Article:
Jump to content
Ultimaker Community of 3D Printing Experts

0.9mm nozzle settings


Recommended Posts

Posted · 0.9mm nozzle settings

I recently made myself a 0.9mm nozzle to do some rougher but faster prints. However, I cant seem to get the right settings to get good print. I'm using the newest version of Cura. I was hopeing somebody could give me some basic setting information for a decent print with 1.75mm PLA filament.

I currently am using the following settings;

Temp. 210

Speed 20mm/s

Quality:

Layer Height: 0.4

Shell thickness: 0.6

Bottom/Top thickness: 2.7

Initial layer 0.67mm

Initial layer width: 130%

Minimal layer time 5 sec

Fan speed 30%

(Using a RepRap printer)

P.s. How can I select the pattern for the top and bottom. (In stead of zigzaging i want it to spiral)

 

  • Link to post
    Share on other sites
    Posted · 0.9mm nozzle settings

    You are trying to output 20 x 0.9 x 0.4 = 7.2 mm3/s

    This is no problem on my UM2, but can your feeder handle this speed?

     

    Futher I would say your shell needs to be a multiple of your nozzle size, so f.e. 0.9 or 1.8 in this case.

    Same for bottom/top, make it a multiple of your layer hight.

     

    And sharing a picture of your result could help ..

     

  • Link to post
    Share on other sites
    Posted · 0.9mm nozzle settings

    Like they said. Shell of .6mm won't look so good on a .9mm nozzle. Also did you set nozzle to .9mm in advanced tab?

    If you set nozzle to .9mm and shell to .6mm it will print as though you have a .6 nozzle. Same spacing and flow one would expect for a .6mm nozzle.

     

  • Link to post
    Share on other sites
    Posted · 0.9mm nozzle settings

    plus 20mm/s is too slow - the point of having such a large hole at the end is that the plastic practically falls out! - on my .65mm I typically use speeds of 100mm/s or more (depends on the design and ringing artefacts etc,

    Plus because of the sheer size of the opening I tend to go as low as I can - which can be as low as 190 - there is a lot of plastic to cool and the fan is not there very long, so the less heat the better or it can all get kind of 'melted in the fire' look :) - but speed it up and cool it down works great (mainly for me architectural models - I do the walls in .65mm nozzle fast, and detailed stuff in .4mm nozzle slower

     

  • Link to post
    Share on other sites
    Posted · 0.9mm nozzle settings

    It's still not working well at all. Is it possible that the stl file is the problem. Should I model my file with a certain width? 1.8 for instance to match the shell thickness? Because right now it will add small dots of pla inbetween my two shells (showing as yellow dots in Cura)

    Also, whenever I try to print the bottom of a vase or cup, it doesnt stay flat, it seems like the temperature causes it to deform.

     

  • Link to post
    Share on other sites
    Posted · 0.9mm nozzle settings

    I don't think you mentioned it was a vase. This is very complicated and there's 3 major concepts/issues to overcome:

    1) sticking/warping

    2) proper shell width

    3) Vases - special case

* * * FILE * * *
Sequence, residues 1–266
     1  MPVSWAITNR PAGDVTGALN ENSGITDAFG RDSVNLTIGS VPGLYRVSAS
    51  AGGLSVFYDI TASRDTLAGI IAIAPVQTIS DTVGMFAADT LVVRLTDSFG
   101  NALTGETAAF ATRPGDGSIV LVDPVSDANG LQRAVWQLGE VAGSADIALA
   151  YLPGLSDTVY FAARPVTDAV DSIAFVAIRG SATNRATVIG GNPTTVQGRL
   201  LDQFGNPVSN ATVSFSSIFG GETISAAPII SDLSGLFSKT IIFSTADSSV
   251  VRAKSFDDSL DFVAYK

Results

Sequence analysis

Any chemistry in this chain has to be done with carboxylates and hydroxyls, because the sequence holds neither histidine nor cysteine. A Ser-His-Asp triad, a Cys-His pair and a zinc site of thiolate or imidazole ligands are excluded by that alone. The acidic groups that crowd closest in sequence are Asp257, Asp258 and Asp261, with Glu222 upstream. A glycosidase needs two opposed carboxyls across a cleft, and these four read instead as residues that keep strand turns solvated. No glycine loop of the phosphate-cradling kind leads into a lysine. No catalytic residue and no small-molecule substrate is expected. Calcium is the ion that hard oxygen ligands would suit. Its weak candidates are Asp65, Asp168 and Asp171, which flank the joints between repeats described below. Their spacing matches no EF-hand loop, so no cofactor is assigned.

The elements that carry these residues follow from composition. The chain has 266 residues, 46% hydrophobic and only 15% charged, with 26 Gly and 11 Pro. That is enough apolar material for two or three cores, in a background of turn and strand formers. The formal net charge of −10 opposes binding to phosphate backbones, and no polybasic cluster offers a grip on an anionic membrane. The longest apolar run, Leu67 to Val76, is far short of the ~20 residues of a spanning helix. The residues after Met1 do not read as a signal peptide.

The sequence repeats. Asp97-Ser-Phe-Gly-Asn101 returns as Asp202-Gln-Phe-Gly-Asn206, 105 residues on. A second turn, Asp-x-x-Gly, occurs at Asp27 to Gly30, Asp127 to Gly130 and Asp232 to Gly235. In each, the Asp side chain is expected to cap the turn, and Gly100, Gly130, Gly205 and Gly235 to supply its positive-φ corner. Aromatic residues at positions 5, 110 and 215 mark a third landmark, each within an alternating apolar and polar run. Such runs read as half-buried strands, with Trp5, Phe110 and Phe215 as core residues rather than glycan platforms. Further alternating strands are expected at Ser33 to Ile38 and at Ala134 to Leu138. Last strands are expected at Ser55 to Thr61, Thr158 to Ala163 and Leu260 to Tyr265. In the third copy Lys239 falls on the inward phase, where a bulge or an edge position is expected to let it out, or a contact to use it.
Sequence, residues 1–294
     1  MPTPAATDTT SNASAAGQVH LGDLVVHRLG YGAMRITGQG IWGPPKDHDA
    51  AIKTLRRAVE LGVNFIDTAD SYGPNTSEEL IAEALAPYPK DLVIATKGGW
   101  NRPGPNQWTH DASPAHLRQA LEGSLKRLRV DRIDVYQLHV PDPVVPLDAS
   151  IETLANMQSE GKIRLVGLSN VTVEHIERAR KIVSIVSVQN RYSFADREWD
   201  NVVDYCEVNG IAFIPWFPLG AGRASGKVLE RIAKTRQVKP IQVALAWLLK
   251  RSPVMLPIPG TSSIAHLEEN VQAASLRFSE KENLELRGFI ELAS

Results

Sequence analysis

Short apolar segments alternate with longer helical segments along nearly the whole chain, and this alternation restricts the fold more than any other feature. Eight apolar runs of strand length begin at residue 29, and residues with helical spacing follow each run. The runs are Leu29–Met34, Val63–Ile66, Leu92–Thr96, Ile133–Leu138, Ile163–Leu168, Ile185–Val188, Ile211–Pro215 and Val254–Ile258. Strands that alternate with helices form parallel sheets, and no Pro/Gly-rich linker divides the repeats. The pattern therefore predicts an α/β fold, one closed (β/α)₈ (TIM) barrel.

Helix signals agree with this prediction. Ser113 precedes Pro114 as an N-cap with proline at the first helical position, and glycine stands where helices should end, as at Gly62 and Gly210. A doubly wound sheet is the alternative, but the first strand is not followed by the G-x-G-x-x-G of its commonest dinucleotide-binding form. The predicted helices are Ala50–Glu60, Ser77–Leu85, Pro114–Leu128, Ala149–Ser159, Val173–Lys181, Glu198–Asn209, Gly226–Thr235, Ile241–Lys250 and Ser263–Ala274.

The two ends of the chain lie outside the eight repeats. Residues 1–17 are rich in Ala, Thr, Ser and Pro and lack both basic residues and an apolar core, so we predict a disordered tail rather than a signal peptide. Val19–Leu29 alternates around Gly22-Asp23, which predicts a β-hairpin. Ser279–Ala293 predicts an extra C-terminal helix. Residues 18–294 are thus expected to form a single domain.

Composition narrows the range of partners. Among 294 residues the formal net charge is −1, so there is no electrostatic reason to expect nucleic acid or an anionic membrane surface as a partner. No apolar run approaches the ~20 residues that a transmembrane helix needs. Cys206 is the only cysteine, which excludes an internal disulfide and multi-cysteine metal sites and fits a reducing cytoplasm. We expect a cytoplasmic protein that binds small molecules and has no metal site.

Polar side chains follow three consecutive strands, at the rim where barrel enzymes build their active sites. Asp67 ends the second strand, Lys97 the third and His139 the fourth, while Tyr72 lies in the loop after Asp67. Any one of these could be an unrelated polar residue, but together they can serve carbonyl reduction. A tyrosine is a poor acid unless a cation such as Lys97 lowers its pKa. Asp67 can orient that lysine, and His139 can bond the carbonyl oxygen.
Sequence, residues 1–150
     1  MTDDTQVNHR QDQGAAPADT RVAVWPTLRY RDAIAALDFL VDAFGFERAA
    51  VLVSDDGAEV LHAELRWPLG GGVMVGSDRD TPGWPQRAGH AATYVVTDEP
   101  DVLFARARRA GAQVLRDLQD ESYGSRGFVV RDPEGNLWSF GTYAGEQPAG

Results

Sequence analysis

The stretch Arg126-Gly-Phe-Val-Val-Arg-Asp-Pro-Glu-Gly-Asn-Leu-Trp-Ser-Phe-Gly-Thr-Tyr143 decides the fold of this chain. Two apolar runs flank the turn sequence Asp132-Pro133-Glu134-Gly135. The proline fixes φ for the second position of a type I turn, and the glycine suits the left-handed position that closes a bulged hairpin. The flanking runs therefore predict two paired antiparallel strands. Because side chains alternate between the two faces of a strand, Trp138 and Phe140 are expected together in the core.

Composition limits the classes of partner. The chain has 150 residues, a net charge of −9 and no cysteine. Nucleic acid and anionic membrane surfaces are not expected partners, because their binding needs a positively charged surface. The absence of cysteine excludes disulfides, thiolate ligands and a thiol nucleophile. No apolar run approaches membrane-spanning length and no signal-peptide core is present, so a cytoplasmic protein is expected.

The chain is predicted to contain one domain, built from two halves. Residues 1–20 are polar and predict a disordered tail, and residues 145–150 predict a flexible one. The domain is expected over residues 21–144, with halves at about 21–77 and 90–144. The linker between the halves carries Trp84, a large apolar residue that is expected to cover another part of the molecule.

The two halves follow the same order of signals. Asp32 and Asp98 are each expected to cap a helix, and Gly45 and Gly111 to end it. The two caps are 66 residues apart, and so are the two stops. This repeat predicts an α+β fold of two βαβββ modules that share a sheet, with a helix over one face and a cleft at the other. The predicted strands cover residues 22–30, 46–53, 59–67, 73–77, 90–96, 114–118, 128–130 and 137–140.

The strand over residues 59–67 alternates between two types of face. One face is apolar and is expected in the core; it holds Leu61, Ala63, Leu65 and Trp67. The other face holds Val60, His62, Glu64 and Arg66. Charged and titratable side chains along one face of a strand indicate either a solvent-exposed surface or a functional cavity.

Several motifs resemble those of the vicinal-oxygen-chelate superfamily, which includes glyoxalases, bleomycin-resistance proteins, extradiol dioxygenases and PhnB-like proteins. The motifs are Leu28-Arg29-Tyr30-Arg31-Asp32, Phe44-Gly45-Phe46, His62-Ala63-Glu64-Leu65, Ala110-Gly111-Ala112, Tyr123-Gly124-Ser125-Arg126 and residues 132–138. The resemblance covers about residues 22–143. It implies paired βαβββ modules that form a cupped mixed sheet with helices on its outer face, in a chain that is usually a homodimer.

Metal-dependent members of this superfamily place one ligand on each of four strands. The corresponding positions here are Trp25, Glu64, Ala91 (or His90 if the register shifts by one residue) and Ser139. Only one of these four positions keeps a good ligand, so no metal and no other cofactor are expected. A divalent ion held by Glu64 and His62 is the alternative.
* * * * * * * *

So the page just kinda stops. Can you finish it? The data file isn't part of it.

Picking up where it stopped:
sticking...

    How big are we talking about? The base of the vase? It helps to have rounded corners as sharp corners apply all the lifting forces to one point, then that lifts, and now there is lifting force on a new larger spot and then that lifts, and eventually you get a large enough corner that it stops lifting. Brim helps a TON. Brim feature will help hold that part down nicely. If you have heated bed, set it to 50C and if you have glass bed use some kind of PVA glue - a coating so thin it is invisible (mix with water and spread thin). If you don't have heat use blue tape. Clean the blue tape with isopropyl alcohol - super critical step to remove the wax. If tape lifts instead of part then use wider tape (50mm minimum - 200mm better).

    2) shell width - for a non vase make damn sure you shell width is a multiple of .9 and make sure your nozzle setting in cura is .9. Did you do that? I asked you this question above but you didn't answer.

    3) Vases - okay - for best vase results people usually do single-pass-walls. This is a very special way of printing and a special way of doing the model and using cura. You first need a CAD model that is solid. Sometimes you can simulate this by checking most of the boxes in "fix horrible". You want to first convince Cura that your part is a solid cylinder-like thing and it should show lots of diagonal infill where the water would normally go.

    Then you uncheck infill and uncheck "top" so that it has no top. Then you can also do "spiralize" if you want. If you don't do spiralize you can choose 1 or 2 shells on your own by setting to .9 or 1.8mm.

    If you check spiralize it will do single pass wall (and will also beef up the the joint between the bottom and the wall to prevent water leaks if you put water in it). If you do single pass wall and tell it the wall is 1.8mm now it is doing 200% flow to get a single pass 1.8mm wall out of a .9mm nozzle which may be a problem. Instead I would go no thicker than 1.0mm if you go the spiralize route.

     

  • Link to post
    Share on other sites
    Posted · 0.9mm nozzle settings

    Please post a picture next time. We would have noticed it was a vase which "changes everything". And who knows what other critical piece of info would be learned with a picture.

     

  • Link to post
    Share on other sites

    Create an account or sign in to comment

    You need to be a member in order to leave a comment

    Create an account

    Sign up for a new account in our community. It's easy!

    Register a new account

    Sign in

    Already have an account? Sign in here.

    Sign In Now
    ×
    ×
    • Create New...